"On his day," declared veteran jazz reviewer Brian Morton in a recent issue of Point of Departure, "Mario Pavone is one of the very best – and when on his game, by far the best – small-group composer/leaders working on the East Coast."
Critics have called him "a smart composer" (Nate Chinen, New York Times) and "a protean bassist" (Paul Blair, Hot House) who "never fails to implant an effective hook" (Bill Shoemaker, DownBeat) and "continues to move the tradition forward with every record" (John Kelman, AllAboutJazz.com).
His music has been described as "exciting and stimulating" (Jay Collins, Cadence), "sensitive and probing" (Owen McNally, Hartford Courant) and "full of smart angular swagger" (Michael Rosenstein, Signal to Noise).
Originally an engineer by trade, Pavone dropped everything to attend John Coltrane’s funeral in 1967, where he decided on the spot to dedicate the rest of his life to music. He has since spent the last four decades defining the cutting edge of jazz, both as a sideman to legendary innovators and the leader of groups featuring some of today’s most respected young improvisers.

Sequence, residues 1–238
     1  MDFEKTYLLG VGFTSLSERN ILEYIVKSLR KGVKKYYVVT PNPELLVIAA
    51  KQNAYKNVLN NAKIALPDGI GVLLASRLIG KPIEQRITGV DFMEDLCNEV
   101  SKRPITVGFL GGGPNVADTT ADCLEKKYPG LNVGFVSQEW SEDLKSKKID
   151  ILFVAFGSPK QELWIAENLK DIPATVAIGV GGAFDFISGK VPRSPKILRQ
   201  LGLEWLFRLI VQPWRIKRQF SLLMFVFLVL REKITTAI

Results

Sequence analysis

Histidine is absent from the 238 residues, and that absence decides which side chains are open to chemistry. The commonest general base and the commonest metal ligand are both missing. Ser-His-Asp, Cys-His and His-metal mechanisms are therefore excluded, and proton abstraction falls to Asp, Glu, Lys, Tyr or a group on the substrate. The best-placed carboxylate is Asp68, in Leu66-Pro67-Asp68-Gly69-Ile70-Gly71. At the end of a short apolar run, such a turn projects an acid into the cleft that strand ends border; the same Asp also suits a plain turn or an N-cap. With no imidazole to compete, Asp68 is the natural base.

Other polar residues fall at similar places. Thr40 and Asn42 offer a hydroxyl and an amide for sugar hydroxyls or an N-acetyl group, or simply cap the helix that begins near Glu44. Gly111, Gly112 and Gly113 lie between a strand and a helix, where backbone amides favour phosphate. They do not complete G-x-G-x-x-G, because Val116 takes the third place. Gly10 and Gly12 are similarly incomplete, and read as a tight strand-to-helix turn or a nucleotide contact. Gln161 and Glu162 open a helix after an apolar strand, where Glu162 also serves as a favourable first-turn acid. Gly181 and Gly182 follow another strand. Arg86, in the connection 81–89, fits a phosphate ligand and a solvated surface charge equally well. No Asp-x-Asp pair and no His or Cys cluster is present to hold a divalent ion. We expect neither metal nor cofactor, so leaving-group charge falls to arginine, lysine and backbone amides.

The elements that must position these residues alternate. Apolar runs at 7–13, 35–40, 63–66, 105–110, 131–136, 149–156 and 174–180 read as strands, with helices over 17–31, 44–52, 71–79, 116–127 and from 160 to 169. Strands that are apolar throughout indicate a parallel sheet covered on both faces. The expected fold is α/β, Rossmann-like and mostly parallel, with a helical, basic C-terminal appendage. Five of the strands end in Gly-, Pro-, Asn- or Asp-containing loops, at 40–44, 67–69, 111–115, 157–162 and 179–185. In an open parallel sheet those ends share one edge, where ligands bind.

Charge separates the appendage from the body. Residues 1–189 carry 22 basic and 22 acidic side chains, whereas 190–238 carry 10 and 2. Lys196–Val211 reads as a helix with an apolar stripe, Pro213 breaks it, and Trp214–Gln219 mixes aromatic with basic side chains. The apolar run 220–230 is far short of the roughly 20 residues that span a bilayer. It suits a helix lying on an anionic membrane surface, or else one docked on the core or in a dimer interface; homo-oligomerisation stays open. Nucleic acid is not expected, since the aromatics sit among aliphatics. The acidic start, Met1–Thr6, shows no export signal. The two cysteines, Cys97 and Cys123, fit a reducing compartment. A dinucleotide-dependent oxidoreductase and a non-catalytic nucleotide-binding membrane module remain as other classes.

His recordings have appeared on best-of-the-year lists in publications such as Slate.com, AllAboutJazz.com, AllAboutJazz-New York, Cadence, the Hartford Courant, JazzTimes and the Village Voice among others.
In addition to his ongoing activities as a bandleader, Pavone's artwork and photography have graced the covers of dozens of recordings since the mid 90's, and he currently serves as an educator, administrator and board member for the Litchfield Jazz Festival and Litchfield Summer Jazz Music Institute in Litchfield, Connecticut.